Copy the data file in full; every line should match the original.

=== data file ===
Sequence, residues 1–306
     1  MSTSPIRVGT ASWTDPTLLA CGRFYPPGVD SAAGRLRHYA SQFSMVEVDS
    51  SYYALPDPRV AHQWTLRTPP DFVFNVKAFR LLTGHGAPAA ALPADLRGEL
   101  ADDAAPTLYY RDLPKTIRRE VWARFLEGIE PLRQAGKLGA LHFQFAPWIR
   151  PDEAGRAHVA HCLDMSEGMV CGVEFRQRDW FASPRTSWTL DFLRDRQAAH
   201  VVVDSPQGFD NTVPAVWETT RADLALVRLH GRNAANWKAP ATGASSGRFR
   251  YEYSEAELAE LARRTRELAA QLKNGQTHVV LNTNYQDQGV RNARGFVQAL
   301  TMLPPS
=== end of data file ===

Sequence, residues 1–306
     1  MSTSPIRVGT ASWTDPTLLA CGRFYPPGVD SAAGRLRHYA SQFSMVEVDS
    51  SYYALPDPRV AHQWTLRTPP DFVFNVKAFR LLTGHGAPAA ALPADLRGEL
   101  ADDAAPTLYY RDLPKTIRRE VWARFLEGIE PLRQAGKLGA LHFQFAPWIR
   151  PDEAGRAHVA HCLDMSEGMV CGVEFRQRDW FASPRTSWTL DFLRDRQAAH
   201  VVVDSPQGFD NTVPAVWETT RADLALVRLH GRNAANWKAP ATGASSGRFR
   251  YEYSEAELAE LARRTRELAA QLKNGQTHVV LNTNYQDQGV RNARGFVQAL
   301  TMLPPS